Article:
As an individual who identifies as blind I use a screen reader, which is software that interprets digital content on all my electronic devices. This software empowers me to successfully do the work that I do and with which I am so passionate. It has taken me some time to find the best fit for my skill set in a professional setting. While I am extremely tenacious when it comes to finding ways around digital barriers, I feel that no one should have to struggle when trying to access websites, mobile apps or everyday electronics that our society has come to rely on. This is where my passion for digital accessibility began.

Recognizing how much I could contribute in helping ensure technology is built to accommodate end-user needs across the spectrum of disabilities, the challenge became finding the organization that would embrace and recognize the value of my skill set. Hilton presented itself at just the right time.

I am thrilled to be working with this leading hospitality company that is committed not only to making their public-facing digital experiences accessible but is also dedicated to ensuring internal technology platforms are accessible to their workforce. Hence, my niche…I am a Senior Accessibility Analyst on Hilton’s Digital Accessibility team. I am assigned to the delivery team, which is building our new, custom call center application. I am a fully integrated and participating member in all agile ceremonies and work directly with all cross-functional roles on this team. My work on this team is critical, as Hilton employs call center agents who are blind and visually impaired. Making this custom Call Center application accessible will allow for career advancement of our agents who are blind and visually impaired, as well as enable Hilton to expand its hiring of people of all abilities, with minimal external accommodations necessary.

My lack of vision does not keep me from living as full and rich of a life as everyone else who I encounter daily. I may just approach things from a different angle. Steven Fontaine Senior Digital Accessiblity Analyst, Hilton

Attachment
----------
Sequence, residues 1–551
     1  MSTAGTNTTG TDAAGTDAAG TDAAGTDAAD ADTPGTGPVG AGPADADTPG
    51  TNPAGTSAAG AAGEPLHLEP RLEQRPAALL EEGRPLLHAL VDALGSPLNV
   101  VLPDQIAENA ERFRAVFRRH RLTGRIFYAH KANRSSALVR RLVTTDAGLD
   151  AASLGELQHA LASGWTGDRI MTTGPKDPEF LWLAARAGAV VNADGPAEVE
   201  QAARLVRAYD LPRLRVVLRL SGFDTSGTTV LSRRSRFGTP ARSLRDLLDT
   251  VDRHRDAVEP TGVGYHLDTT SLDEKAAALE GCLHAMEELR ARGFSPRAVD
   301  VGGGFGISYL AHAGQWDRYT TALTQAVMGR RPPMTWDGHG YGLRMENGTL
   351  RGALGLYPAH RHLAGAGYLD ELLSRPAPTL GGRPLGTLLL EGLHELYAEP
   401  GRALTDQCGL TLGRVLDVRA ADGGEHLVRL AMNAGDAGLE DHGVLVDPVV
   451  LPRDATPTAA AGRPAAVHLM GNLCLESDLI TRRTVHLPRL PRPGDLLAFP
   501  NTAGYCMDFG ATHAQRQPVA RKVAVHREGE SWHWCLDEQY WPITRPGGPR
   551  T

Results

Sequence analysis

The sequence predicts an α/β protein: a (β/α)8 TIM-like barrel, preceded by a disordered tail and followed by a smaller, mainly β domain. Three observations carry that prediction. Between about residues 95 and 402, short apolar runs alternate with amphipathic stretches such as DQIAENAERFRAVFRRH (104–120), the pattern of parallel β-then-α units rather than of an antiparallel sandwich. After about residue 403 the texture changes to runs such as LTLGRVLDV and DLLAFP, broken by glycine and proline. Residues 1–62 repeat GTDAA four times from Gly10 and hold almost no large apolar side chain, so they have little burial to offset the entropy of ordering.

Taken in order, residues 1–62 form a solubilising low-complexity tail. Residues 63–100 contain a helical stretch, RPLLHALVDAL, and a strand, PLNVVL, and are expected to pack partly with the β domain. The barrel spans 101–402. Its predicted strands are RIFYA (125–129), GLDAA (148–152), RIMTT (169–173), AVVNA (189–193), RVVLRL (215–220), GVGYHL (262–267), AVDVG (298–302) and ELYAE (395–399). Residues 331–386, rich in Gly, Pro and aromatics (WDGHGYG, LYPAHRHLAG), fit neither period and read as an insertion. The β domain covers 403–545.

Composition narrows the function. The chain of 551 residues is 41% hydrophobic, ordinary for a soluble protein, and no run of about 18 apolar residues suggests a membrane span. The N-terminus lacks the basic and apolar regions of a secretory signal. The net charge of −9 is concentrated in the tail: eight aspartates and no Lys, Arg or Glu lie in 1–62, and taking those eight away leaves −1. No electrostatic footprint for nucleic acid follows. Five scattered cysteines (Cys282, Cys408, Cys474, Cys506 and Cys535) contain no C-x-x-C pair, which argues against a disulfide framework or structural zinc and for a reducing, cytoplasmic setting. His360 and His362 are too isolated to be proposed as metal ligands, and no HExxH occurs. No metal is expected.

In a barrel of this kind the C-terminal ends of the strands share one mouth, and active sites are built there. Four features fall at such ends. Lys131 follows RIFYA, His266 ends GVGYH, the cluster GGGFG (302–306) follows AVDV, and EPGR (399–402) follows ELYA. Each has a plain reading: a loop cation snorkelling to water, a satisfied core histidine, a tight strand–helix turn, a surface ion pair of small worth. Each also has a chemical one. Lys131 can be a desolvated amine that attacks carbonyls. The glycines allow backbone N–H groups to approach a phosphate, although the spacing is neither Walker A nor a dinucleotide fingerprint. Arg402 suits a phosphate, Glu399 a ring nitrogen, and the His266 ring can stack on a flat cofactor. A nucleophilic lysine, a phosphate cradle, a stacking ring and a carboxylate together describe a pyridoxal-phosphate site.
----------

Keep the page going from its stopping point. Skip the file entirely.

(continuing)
I enjoy working with a dynamic software development team daily to help them understand digital accessibility considerations on all levels of the development lifecycle. I bring a firsthand account to why inclusive design is important so that people of all abilities will be able to not only work but thrive here at Hilton. Although I am only impacted by lack of vision, when it comes to digital content, I think about all aspects of making content accessible for all. I don’t want anyone to be left out.

I have the good fortune to travel across the country to our different Hilton offices for meetings and enjoy spreading the word about what I do at Hilton. People who I encounter express how impressed they are with the direction that the company is going. I also love traveling during my personal time, and my incredibly goofy, smart, and all-around loveable guide dog Robert makes sure I arrive safely wherever I am going whether for business or pleasure.

My lack of vision does not keep me from living as full and rich of a life as everyone else who I encounter daily. I may just approach things from a different angle. I think of that as a major asset when it comes to voicing a different perspective and I hope this will continue to increase the diversity of hiring on a corporate level. I do not feel that I am treated any differently than anyone else on my team, but I do think that it takes everyone who I encounter some time to find the best way for us to work together, and I try to allow everyone to come to that realization in their own time. I have found that sometimes people in larger organizations may not have had the opportunity to engage with someone of my abilities and I always try to educate as gently as possible. It is extremely rewarding to be part of this organization that is helping change the landscape of disability employment.